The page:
Lake Superior

Lake Superior
The shore of the northernmost lake is made famous in poetry and song, from Longfellow's tribute to the shores of Gitche Gumee, to the inspiration for Gordon Lightfoot's "The Wreck of the Edmund Fitzgerald." Tragic shipwrecks, 350 to date. Lonely lighthouses. Gaping mine shafts. Waterfalls. Three states, two countries. Lake Superior, all.

We start the Lake Superior Circle Tour on the US side of Sault Ste. Marie, a city of two countries. Sault Ste. Marie is best known for its locks  -  or ship canals  -  with one on the Canadian side and four in the US. The canals enable recreational and shipping traffic passage between Lake Superior and Lakes Michigan and Huron  -  a necessity due to the 21-foot drop in elevation between them. This area is quite touristy with souvenir shops aplenty and the odor of fried foods thick in the air. The parkland and visitor center that borders the locks feature photos and film of the area's history, as well as a board listing arrival times of incoming ships  -  a sight not to be missed.

Threatening weather rolls in over Grand Marais, but fortunately after we've checked in for the night.

Go West Young Man (Then North, East, and South)

The official tour route follows very closely Highways 28, 41, and 2 from Sault Ste. Marie, MI, to Duluth, MN. We connect to Hwy 61 North, through Minnesota, and to the Canadian border into Thunder Bay, Ontario, where the Canadian section of the Circle Tour begins. The only problem is that I don't always follow official routes, preferring detours into less trafficked areas instead. Our group consists of John, our photographer, on his Harley FLR, Jim on his newly purchased bright-blue Gold Wing 1500, and me on a 2010 ruby-red Harley-Davidson Street Glide, aka, trike.

Motorcycle & Gear

2010 Harley-Davidson FLHXXX Street Glide

Helmet: HD Ultra Jet
Boots: HD FXRG-3
Jacket: HD Classic Cruiser
Luggage: HD Expandable Duffel Bag

Lighthouses, Waterfalls, and Museums

South of Sault Ste. Marie we make our first deviation and take H-3150 West, with a stop at Point Iroquois Light, the picture-perfect lighthouse with white walls and tower, topped by a bright red roof. It overlooks the locks and offers great views from the tower and the beach.

From here we catch Hwy 123 North, a paved two-laner that hugs the north shore of Whitefish Bay until it ends at Whitefish Point. Located at the very end of the road is Whitefish Point Light, the oldest active lighthouse on Lake Superior and the Great Lakes Shipwreck Museum, with artifacts and exhibits on the many ships and crews that lost their battle against Superior's fury.

Just south and west of Whitefish Point, is Tahquamenon Falls, the second largest falls east of the Mississippi. There are two things we can count on during this tour: lots of waterfalls and names we're not likely able to pronounce! From Whitefish Point, we backtrack south to the town of Paradise, where we catch Hwy 123 West for a few miles, then onto H-58 with a dog leg into Deer Park. We hug the shore of Superior into Grand Marais, MI (not to be confused with Grand Marais, MN, or a very nice brandy with a similar-sounding name).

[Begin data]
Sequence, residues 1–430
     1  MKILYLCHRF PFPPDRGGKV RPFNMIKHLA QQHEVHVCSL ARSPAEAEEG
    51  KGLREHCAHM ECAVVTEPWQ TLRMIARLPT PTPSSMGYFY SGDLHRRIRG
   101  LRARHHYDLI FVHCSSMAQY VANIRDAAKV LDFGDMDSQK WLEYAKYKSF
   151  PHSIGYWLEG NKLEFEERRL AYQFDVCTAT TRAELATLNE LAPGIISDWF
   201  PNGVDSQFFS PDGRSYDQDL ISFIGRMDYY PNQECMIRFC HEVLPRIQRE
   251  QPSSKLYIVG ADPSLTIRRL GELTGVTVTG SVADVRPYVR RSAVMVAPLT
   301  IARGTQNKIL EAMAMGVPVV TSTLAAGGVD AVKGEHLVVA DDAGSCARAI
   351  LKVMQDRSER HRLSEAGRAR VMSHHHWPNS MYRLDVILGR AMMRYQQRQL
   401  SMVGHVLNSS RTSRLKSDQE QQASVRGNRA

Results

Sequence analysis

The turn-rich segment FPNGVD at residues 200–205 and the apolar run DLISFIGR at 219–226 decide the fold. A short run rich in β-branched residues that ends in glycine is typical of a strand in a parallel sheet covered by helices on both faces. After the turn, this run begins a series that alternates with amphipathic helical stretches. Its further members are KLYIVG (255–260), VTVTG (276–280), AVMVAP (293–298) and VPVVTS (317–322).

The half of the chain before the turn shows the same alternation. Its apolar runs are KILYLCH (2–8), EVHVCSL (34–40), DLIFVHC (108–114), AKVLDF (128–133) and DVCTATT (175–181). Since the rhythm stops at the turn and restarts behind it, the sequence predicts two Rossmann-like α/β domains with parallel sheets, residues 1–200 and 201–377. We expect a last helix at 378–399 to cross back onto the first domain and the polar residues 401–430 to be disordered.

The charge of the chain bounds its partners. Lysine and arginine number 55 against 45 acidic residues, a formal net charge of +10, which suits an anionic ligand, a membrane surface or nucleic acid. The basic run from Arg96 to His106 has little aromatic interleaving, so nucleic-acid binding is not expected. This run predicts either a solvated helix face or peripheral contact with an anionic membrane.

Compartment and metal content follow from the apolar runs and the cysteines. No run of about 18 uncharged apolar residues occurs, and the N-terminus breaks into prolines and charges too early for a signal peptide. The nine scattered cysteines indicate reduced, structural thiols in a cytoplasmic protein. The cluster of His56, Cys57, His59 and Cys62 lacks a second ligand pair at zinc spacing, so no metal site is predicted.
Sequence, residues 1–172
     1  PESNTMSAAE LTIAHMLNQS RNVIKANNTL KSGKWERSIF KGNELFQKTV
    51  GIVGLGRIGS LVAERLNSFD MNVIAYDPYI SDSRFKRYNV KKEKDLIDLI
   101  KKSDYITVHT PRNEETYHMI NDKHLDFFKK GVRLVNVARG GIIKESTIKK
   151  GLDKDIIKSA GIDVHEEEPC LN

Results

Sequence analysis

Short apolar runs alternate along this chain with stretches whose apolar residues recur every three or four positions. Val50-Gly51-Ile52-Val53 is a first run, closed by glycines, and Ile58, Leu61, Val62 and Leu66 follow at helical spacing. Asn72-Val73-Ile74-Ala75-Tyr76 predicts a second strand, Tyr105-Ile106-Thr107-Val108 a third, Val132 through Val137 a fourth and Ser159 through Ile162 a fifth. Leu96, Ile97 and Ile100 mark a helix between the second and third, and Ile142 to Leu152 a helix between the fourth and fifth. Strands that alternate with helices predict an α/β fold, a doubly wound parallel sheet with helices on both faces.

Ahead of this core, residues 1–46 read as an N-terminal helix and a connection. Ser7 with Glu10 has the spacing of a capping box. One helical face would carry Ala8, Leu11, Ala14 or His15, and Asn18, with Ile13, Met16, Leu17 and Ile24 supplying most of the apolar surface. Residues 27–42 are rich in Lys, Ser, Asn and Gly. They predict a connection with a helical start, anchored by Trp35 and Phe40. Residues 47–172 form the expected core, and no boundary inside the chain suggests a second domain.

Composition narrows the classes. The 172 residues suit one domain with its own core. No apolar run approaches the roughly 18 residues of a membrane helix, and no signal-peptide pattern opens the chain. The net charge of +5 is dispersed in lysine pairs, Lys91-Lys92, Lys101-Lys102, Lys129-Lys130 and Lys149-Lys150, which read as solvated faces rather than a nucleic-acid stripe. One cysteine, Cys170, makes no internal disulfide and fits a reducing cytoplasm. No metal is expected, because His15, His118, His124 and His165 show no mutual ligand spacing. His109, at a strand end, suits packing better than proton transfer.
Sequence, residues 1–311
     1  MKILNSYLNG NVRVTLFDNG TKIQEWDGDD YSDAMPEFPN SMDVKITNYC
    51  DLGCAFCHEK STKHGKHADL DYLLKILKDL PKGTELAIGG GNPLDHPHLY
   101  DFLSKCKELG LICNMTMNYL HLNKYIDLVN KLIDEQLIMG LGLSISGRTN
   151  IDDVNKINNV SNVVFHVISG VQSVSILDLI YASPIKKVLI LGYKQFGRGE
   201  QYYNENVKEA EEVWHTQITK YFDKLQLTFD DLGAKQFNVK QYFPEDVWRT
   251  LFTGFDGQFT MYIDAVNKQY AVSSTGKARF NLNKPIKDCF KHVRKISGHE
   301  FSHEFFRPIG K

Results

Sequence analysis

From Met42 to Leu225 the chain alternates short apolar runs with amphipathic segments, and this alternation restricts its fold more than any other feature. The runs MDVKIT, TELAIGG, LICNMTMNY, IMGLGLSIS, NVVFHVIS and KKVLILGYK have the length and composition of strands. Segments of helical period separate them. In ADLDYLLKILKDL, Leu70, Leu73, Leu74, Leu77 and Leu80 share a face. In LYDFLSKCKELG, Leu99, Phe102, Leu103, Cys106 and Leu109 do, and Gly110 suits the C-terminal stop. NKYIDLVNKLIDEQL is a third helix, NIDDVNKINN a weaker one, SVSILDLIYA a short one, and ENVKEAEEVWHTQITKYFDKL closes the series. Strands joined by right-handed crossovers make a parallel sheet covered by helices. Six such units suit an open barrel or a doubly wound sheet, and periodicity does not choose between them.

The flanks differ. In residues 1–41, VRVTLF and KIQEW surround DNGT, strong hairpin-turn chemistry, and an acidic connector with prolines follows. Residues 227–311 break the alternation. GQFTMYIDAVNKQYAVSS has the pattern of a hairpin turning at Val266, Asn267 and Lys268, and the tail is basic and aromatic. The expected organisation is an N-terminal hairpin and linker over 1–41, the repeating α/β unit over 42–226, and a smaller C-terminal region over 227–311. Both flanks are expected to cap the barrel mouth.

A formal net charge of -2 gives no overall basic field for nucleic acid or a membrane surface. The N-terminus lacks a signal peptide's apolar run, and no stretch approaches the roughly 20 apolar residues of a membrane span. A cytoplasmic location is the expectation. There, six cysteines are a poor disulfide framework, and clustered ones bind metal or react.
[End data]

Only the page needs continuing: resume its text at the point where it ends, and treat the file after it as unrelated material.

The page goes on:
Heading up into Copper Harbor, MI, on a rare, and much appreciated stretch of smooth road.

You Can't Get There From Here

Dotted lines on my map mean scenic route, and there are dotted lines all the way from Sault Ste. Marie to Munising, MI. One such route is H-58 from Grand Marais to Munising, which is unquestionably one of the greatest motorcycling roads in the Midwest  -  maybe even the entire country! The roadway is new, smooth, with wide sweepers, S and double S curves, slight undulations, and just enough banking to delight, without over-challenging. All this through a canopy of deep forest green and within the confines of the State Forest, so there's very few intrusion roads. And as of now, just enough off the beaten track, that it's as if the road were made just for us, that is, until it suddenly becomes dirt! Hard packed dirt is no problem, of course, but when the shoulder is higher than the road, when there are uprooted trees smoldering away among piles of branches and stacks of logs, and on top of that, sugar sand, that's when the real challenge sets in. The trike handles it easily enough, but John and Jim dig themselves in and are in real danger of going down.

I plow ahead hoping to find some kind of sign indicating where we are and whether we can continue or need to turn around. As I cut through a cloud of dust I spot two surveyors, who, in answer to my question where the road comes out, tell me, "Nowhere, yet." I later discover that "yet" will be October of 2010. Returning up the dusty trail, I find Jim and John looking like two powdered sugar donuts, axel deep in sand, and smoldering even more than the brush piles. Able to stay just ahead of their desire for revenge, I head back to Grand Marais with them in hot pursuit; 77 South and then 28 West take me to Munising, MI, and our hotel for the night.